Sunday, 5 May 2013


(Originally at FB Osprey Webcam Group)

(c) There are no ospreys on the Indian sub-continent 

FALSE. Ospreys are still reported from India and Bangladesh, where they appear to be coastal, confined to specific areas and not common anywhere. One hot spot seems to be the Sundarbans wetland in Bengal, where ospreys are regularly spotted by visitors. The most recent sighting I could find was 2/2/2013 and this photo by Nazul Islam was taken in 2010.
Osprey at Sundarbans lagoon. (c) Nazul Islam 2010
The population appears to be migratory and there have been a few ring recoveries – one from a bird originally ringed in Norway. In their survey in the 1980's, Sakeur & Sakeur listed ospreys as one of 14 raptor species known to be in decline, citing habitat loss as the major factor in all cases.

Things must have been different in the recent past... A young Army officer named Elliot, on posting in the Punjab, complained to his diary of 1891 that there were no interesting or exotic birds on and around the lake outside his kitchen window, “...only the usual ospreys, everywhere to be seen.”


(d) GPS bird tracking devices are less accurate when it's raining.

Pretty accurate: Niacom active antenna with Garmin Q3600 using SBAS differential corrections for a combined error of less than 2 metres

FALSE. Occasionally, I am asked to explain to someone exactly how the Global Positioning Satellite System works. I try to avoid this, because usually the explanation is only a quarter way through before the “someone” has fallen into a deep and restful sleep. The GPSS is one of those things like Corporation Tax, or the Immaculate Assumption, or open heart surgery – if you needed to know how it works, you would already know exactly how it works.

The space-to-ground segment of GPS is a radio signal. In fact, two primary radio signals, known as the “L1 and L2 carriers.” When the system was being designed, the wavelength for this signal (20cm L-band) was carefully chosen because these frequencies are least likely to be affected by water vapour in the atmosphere. Clouds and rain have no measurable affect on GPS accuracy, although many internet “experts” will still try to tell you that this happens. The myth probably arose because people that are carrying GPS -equipped smart phones might take shelter from rain under structures or dense foliage. These local obstructions could have some effect on reception, but the rain itself does not.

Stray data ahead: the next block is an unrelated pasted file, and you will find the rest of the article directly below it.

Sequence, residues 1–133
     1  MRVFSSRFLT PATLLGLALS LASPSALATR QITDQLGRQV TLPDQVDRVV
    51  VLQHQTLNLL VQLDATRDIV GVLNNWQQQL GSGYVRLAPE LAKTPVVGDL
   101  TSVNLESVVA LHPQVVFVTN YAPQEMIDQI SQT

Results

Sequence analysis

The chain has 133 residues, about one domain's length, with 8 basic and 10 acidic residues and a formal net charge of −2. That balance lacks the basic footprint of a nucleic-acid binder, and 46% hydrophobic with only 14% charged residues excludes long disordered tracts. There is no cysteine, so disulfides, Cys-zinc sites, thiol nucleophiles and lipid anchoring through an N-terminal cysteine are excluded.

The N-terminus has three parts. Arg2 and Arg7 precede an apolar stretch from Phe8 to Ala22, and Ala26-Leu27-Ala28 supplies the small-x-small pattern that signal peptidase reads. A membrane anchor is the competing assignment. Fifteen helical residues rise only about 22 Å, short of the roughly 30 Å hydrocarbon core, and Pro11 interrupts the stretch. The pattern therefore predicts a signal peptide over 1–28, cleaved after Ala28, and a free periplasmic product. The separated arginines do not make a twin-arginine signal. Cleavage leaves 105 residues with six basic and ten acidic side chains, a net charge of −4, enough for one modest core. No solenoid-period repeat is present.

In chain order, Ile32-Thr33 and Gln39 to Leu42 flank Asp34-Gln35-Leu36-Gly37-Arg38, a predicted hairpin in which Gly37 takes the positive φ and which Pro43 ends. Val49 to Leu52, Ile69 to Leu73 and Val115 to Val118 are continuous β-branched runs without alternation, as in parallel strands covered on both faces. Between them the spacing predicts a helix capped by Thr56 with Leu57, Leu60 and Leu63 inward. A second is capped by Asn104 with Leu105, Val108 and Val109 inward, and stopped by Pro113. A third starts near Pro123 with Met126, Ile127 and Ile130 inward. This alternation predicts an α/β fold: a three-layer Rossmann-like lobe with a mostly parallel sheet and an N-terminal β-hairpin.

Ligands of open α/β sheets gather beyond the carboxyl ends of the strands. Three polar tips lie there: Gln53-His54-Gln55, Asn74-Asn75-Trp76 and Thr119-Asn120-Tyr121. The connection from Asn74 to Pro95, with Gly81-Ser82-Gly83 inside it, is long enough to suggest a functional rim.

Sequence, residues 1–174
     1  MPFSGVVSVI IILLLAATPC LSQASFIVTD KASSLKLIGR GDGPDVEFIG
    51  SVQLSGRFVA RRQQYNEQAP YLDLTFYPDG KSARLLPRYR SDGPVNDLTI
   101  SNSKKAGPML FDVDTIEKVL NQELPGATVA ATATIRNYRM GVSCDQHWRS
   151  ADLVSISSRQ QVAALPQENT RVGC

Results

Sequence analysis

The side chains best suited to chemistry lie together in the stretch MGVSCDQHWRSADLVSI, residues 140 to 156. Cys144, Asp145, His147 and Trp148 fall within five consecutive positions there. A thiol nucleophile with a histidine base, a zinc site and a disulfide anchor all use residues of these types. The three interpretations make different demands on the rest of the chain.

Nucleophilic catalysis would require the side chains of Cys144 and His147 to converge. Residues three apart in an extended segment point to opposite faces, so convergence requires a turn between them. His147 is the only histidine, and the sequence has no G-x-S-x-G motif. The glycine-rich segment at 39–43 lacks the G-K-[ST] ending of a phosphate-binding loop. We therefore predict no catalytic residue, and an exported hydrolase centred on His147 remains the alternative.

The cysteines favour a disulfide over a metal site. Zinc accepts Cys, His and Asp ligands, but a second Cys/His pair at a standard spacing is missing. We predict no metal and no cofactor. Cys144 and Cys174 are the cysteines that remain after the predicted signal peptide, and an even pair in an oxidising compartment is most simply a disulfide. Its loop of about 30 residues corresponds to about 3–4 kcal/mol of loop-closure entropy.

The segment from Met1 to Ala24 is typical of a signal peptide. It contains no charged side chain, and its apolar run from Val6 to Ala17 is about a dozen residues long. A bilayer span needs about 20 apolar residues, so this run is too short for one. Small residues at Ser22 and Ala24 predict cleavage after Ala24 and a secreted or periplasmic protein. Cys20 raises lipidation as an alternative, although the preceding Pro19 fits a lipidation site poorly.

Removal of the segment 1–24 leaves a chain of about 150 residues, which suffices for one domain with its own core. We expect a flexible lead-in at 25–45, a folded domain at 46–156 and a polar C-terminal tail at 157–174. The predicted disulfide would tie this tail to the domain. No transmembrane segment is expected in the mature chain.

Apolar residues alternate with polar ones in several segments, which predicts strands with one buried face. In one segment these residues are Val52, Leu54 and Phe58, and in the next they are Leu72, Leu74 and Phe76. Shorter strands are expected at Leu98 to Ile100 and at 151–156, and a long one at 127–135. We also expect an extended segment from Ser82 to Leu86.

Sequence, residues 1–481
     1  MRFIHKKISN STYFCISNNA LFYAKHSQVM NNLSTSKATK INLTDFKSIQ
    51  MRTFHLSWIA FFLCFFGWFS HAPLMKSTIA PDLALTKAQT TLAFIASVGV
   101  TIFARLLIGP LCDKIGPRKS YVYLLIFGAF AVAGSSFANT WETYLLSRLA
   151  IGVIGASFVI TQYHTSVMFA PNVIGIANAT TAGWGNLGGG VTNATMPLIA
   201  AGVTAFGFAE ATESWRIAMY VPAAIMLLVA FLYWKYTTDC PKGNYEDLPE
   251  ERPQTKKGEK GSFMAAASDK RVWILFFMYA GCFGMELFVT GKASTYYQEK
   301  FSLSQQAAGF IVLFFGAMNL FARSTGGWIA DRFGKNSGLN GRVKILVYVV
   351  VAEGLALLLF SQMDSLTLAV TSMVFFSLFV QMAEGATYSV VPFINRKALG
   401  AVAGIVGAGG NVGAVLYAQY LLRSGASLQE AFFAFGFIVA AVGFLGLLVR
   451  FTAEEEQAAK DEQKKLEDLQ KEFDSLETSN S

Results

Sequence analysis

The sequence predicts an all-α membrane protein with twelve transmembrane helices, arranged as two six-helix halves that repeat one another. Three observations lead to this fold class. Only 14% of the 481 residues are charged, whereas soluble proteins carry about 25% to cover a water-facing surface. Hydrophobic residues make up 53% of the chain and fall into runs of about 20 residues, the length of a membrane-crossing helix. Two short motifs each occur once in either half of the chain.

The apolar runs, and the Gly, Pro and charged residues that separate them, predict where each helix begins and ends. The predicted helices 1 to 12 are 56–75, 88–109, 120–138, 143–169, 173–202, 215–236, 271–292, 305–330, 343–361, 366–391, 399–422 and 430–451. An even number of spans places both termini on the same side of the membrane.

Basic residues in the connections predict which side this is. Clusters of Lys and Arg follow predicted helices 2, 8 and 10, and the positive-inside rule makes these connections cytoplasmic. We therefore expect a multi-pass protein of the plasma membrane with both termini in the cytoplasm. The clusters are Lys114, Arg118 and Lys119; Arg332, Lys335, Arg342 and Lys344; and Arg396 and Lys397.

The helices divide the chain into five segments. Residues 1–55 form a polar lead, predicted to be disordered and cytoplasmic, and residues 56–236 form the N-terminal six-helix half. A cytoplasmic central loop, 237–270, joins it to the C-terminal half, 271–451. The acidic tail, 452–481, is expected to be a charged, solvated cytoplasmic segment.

(e) Ospreys don't like flounders because they taste funny and are the wrong shape.

FALSE. Poor flounders... rejected by chefs, despised by ospreys, and as ugly and stupid as Ian Duncan-Smith, they get a universally bad press. The fact that ospreys don't like them is well supported by data, though it might be truer to say that while ospreys are prepared to eat flounders – they'd just prefer to eat other things instead. But why? Well camouflaged bottom-feeding flounders are abundant around the British coast in summer, and you'd think they would be perfect sustenance for a nest full of baby ospreys.

The best theory we have is to do with net energy inputs. Compared with other seasonal estuarine species ( e.g. mullet, bass, sea trout) the flounder has about 8-10% less fat content. And for birds, as we all know, fat = flight fuel. Emyr Evans (who is not keen on eating flounders himself) has pointed out to me that they have tougher skin than these alternative species, and so the upshot of all this is a three-way disadvantage in terms of diet:-

  • More difficult to catch,
  • More energy expended dealing with the food,
  • Less energy obtained after ingestion.

Put together, this would explain why the birds – especially breeding females – have evolved a preference for more energy-rich prey items. Shape and taste are unlikely to have much to do with it.

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